Senator Clinton is smart.  She's effective.  And she certainly is very effective--has a massive fund-raising network.  I think the question that people will look to for Senator Clinton is:  Where does she stand on the issues they care about?  If you look at the most recent Congress, she was more liberal than 82 percent of the United States Congress.  She voted against tax relief in 2001 and 2003, including tax relief that benefits middle-class Americans.  There's been a lot of noise made recently about the fact that she's moving to the center on the question of life.  Yet Hillary Clinton has 100 percent rating from the National Abortion Rights Action League, a 0 percent rating from the National Right To Life, voted against protecting people in the future like Laci Peterson.  So I think what the people are going to look for is what she in her record has done as opposed to simply rhetoric or fund-raising appeals.

MR. RUSSERT:  She has found common ground with former Speaker Newt Gingrich on the issue of health care.  In fact, Newt Gingrich was on this program way back in December of 2003, and let me share some of his comments.

(Videotape, December 7, 2003):

FMR. REP. NEWT GINGRICH, (R-GA):  I think Senator Clinton is almost certainly going to be the Democratic nominee in 2008.

MR. RUSSERT:  Why do you say that?

REP. GINGRICH:  Well, because I looked at the same poll you showed her.  I mean, there's no reason to believe she's going to grow any weaker, and she is serious, she is hardworking, she is a first-rate professional.

(End video)

MR. RUSSERT:  "Serious, hardworking, first-rate professional."

MR. MEHLMAN:  Well, first of all, let me just add that not only does Newt Gingrich and Hillary Clinton believe we need to reduce the amount of paper in our medical systems and move more to technology, so does George W. Bush, so did former Health and Human Services Secretary Tommy Thompson.  That's an important initiative of this administration and it's critically important for everyone's health care.  But I think that the speaker's comments about Mrs. Clinton are right.  I think she is very hardworking and she's smart and she's effective politically.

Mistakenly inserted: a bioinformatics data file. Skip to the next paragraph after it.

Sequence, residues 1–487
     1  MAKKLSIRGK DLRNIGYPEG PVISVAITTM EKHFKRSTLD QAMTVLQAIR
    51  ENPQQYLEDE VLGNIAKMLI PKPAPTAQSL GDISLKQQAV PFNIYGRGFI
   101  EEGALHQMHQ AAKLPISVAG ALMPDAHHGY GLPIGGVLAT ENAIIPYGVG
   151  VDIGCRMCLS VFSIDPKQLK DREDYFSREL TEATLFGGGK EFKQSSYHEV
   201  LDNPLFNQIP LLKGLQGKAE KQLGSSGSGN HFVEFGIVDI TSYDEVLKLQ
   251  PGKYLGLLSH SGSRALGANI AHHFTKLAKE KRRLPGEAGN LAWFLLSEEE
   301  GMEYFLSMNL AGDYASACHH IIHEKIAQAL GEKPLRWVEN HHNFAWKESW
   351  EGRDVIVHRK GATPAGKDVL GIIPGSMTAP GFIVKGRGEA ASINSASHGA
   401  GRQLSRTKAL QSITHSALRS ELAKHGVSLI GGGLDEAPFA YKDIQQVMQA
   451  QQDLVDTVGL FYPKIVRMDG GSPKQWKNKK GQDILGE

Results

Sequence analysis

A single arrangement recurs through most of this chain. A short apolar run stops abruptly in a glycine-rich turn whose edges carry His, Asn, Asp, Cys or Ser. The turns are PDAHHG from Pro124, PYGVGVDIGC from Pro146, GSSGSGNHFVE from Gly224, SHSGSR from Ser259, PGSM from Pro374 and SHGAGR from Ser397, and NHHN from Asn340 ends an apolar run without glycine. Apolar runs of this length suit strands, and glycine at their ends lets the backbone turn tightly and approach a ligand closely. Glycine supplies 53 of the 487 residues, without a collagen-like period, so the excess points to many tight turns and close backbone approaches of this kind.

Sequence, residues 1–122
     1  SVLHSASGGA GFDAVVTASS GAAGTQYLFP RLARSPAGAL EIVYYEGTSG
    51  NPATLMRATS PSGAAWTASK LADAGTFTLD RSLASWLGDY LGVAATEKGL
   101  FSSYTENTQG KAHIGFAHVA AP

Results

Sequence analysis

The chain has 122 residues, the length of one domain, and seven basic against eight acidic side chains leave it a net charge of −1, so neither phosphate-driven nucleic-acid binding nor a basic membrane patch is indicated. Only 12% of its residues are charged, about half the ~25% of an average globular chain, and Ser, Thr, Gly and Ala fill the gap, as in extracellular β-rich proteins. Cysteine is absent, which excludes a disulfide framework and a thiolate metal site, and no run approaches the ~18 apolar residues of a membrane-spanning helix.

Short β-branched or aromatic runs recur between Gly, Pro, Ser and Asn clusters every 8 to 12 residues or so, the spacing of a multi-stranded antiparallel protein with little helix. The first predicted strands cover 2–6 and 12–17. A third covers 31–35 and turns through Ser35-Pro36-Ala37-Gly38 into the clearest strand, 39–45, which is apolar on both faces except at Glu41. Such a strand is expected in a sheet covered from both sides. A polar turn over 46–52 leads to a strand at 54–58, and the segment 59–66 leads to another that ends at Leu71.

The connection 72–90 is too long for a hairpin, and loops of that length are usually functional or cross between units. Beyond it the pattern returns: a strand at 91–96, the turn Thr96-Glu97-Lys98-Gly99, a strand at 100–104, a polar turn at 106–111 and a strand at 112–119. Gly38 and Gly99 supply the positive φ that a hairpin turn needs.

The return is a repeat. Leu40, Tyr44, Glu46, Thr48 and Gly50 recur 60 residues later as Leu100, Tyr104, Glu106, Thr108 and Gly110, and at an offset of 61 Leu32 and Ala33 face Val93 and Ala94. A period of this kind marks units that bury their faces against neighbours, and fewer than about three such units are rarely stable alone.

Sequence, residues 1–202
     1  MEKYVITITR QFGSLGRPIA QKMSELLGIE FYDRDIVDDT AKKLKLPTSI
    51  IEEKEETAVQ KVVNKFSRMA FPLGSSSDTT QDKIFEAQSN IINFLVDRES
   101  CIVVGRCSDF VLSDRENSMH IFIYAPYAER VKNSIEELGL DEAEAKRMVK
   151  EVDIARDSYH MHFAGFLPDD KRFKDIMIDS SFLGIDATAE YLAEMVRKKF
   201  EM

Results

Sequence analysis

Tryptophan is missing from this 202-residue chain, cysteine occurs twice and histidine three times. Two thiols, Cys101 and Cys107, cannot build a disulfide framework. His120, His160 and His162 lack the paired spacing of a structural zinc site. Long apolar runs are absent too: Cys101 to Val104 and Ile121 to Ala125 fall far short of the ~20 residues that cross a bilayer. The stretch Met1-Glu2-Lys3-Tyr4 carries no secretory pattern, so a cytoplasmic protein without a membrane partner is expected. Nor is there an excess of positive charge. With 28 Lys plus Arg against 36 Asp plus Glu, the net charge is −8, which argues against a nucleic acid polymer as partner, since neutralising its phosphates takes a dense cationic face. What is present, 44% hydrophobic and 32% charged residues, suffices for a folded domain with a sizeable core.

MR. RUSSERT:  And she voted for the war in Iraq.

MR. MEHLMAN:  She voted for the war in Iraq.

MR. RUSSERT:  She's on...

MR. MEHLMAN:  It was the correct vote.

MR. RUSSERT:  She's on the Senate Armed Services Committee honing those credentials.  Are you serious that she'd be a tough, serious candidate or are you hoping that she is the candidate?

MR. MEHLMAN:  Tim, I think that just as in 1979 when Democrats were relishing the possibility of running against that right-wing crazy Ronald Reagan, they made a mistake.  I think we do better in the Republican Party to focus on today getting the mission accomplished, serving the people, next year protecting the majority.  And there'll be plenty of time to think about 2008, and when do, we should focus on who our best nominee will be and what he or she stands for, as opposed to trying to handicap the other party.

MR. RUSSERT:  If, in fact, Vice President Cheney does not seek the presidency, this could be the first presidential election in 56 years...


MR. RUSSERT:  ...where there's not an incumbent president or vice president on the ballot.

MR. MEHLMAN:  That's right.

MR. RUSSERT:  You see that as the case?

MR. MEHLMAN:  I think that--no question.  First time since 1952.

MR. RUSSERT:  You don't see Dick Cheney running for president?

MR. MEHLMAN:  He has said he wouldn't.  If he decided to I think he'd be a fantastic candidate, but I take him at his word.  He's a man of his word.

MR. RUSSERT:  So if he does not run, how many Republican candidates do you see in the race?

MR. MEHLMAN:  There could be a lot, and hopefully--and I'm already seeing this--they're all going to work in 2006 to help protect our majority.  I believe that the primary voters in 2008 are going to look and they're going to say, "What did you do in 2005 and what did you do in 2006?  When it was the opportunity to save Social Security, to reduce taxes, to confirm good judges, to win the war on terror, to reduce frivolous lawsuits, where were you?  And then where were you in protecting your majority?"  So in many ways the first primary of the 2008 election cycle is what you do this year, and the second primary is what you do to protect the majority next year.

MR. RUSSERT:  Is there a front-runner?